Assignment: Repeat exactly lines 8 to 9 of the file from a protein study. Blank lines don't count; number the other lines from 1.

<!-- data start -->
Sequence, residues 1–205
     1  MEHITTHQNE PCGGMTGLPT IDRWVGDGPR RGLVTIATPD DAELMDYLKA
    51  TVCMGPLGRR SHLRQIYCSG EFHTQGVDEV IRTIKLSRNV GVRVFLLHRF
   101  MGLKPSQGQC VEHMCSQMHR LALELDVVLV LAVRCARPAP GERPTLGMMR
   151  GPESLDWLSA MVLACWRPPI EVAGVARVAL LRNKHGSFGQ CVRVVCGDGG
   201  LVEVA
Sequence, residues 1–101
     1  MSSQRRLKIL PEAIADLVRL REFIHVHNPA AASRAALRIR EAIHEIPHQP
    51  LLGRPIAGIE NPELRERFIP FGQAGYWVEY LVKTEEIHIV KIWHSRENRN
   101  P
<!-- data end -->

     1  MSSQRRLKIL PEAIADLVRL REFIHVHNPA AASRAALRIR EAIHEIPHQP
    51  LLGRPIAGIE NPELRERFIP FGQAGYWVEY LVKTEEIHIV KIWHSRENRN